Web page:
Author(s): Sripa B, Kaewkes S, Intapan PM, Maleewong W, Brindley PJ
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Abstract The food-borne trematodiases are an important group of neglected tropical diseases (NTDs). Over 40 million people are infected with food-borne trematodes and 750 million (>10\% of the world's population) are at risk of these NTDs. Here, we review the life cycles, epidemiology, clinical manifestations, pathology and pathogenesis, diagnosis, treatment, and prevention and control of the major food-borne trematodiases in Southeast Asia. We focus particularly on opisthorchiasis caused by Opisthorchis viverrini and clonorchiasis caused by Clonorchis sinensis, which people contract by ingestion of metacercariae in flesh of raw or undercooked freshwater fishes, on fascioliasis caused by Fasciola species, where infection arises from ingestion of metacercariae on water plants such as watercress, and on Paragonimus species, the lung flukes, which use freshwater crabs and other crustaceans as intermediate hosts. We also include information on the intestinal flukes Fasciolopsis buski, the echinostomes and the so-called 'minute intestinal flukes' of the family Heterophyidae. Ecological information, placing emphasis on reservoir hosts, intermediate snail hosts and secondary hosts where applicable, is also reviewed and research needs are highlighted.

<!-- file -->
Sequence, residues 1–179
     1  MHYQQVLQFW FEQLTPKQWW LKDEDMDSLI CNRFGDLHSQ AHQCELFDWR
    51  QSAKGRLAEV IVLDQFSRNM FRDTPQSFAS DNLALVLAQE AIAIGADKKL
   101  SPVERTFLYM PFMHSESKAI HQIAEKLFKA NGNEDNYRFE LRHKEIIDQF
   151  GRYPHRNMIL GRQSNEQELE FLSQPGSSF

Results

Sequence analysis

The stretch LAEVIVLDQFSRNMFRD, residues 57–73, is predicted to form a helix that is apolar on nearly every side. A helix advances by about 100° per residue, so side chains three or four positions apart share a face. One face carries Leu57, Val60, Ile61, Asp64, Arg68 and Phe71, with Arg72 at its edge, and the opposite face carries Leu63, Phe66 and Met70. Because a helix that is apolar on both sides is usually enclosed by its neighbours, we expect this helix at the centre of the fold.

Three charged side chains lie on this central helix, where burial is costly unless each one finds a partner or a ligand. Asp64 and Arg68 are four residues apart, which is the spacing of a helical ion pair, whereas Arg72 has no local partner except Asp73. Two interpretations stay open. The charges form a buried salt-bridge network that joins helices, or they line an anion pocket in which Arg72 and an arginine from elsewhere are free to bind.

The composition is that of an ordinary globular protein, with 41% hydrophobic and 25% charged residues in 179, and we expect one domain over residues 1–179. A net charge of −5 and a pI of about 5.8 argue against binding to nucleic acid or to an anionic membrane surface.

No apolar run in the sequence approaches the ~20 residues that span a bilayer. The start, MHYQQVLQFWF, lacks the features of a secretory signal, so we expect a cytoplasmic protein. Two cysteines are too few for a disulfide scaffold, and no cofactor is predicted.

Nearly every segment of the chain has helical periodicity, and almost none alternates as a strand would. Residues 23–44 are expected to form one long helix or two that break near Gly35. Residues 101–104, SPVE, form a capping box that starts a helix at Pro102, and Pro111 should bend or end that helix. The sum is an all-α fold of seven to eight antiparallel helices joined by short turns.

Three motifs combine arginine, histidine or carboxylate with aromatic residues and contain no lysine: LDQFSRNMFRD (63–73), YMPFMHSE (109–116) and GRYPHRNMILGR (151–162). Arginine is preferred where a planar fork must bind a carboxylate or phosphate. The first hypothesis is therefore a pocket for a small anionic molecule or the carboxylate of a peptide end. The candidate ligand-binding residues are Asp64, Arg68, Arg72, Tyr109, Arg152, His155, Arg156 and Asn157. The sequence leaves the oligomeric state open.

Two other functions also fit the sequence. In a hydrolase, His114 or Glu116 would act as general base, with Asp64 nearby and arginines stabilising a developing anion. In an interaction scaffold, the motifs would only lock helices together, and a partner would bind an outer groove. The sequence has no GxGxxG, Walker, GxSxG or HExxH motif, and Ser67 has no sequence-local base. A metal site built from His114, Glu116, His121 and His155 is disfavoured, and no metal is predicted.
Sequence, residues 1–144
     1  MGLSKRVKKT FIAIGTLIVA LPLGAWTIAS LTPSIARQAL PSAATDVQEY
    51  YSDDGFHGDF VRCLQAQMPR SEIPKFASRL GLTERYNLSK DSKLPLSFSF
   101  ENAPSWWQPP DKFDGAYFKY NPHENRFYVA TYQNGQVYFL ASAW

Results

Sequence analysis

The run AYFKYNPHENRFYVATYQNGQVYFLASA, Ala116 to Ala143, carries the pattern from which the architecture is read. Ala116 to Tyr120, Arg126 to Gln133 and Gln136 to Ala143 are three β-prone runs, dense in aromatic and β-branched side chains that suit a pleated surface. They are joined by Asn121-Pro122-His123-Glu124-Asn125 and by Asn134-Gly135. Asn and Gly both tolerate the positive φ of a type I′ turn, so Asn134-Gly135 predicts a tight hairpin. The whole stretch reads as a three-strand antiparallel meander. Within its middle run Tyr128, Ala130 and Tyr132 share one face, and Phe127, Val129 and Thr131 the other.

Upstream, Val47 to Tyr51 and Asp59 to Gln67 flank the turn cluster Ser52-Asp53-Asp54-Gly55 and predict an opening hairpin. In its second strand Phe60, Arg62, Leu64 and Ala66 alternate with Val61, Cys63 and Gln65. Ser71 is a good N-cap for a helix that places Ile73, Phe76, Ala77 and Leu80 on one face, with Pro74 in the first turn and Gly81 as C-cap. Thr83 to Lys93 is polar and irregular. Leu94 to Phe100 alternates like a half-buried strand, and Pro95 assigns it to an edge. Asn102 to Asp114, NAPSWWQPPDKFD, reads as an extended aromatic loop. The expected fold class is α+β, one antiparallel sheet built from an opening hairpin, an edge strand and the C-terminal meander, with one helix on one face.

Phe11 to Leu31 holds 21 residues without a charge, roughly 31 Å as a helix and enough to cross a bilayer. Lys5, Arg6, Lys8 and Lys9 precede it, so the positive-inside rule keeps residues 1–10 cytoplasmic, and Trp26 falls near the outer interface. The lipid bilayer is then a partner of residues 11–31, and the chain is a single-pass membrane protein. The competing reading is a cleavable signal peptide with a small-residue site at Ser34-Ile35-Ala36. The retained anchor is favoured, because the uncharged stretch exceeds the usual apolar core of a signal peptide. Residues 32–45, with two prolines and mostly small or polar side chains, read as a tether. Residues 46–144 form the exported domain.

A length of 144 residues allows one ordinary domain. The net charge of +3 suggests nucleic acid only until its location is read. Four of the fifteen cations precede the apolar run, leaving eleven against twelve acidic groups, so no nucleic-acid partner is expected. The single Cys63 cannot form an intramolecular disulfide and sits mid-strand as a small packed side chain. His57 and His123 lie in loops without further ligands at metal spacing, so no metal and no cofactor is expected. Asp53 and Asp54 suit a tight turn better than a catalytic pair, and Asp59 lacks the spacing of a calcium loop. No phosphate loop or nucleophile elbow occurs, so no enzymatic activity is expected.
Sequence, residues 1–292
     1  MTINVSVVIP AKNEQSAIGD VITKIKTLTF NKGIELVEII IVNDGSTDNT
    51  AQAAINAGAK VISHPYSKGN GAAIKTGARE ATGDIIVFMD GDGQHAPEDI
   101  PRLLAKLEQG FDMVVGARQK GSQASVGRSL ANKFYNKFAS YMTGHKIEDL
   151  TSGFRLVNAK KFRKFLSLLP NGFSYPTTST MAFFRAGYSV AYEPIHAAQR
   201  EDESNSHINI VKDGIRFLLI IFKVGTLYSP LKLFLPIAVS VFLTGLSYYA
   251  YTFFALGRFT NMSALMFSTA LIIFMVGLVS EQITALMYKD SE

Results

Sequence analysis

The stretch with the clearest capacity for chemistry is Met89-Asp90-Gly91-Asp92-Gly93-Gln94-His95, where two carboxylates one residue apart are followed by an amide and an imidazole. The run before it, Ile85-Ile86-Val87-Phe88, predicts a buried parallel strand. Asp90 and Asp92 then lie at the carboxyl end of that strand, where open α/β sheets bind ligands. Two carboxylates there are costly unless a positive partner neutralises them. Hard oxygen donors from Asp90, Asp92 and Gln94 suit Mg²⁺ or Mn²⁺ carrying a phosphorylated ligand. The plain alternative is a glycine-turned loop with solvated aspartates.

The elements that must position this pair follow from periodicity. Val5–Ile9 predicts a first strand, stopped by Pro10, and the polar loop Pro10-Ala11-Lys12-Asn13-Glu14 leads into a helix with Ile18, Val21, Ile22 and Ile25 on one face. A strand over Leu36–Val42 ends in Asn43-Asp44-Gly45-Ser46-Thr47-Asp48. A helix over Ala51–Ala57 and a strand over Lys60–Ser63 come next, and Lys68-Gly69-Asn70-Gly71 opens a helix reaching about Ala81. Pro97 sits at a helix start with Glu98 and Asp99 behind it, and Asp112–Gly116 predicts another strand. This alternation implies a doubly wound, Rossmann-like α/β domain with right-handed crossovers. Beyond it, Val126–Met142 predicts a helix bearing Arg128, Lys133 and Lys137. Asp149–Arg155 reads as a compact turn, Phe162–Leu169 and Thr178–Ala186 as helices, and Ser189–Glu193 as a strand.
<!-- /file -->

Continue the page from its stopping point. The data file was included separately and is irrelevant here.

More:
This article was published in Adv Parasitol
and referenced in Internal Medicine: Open Access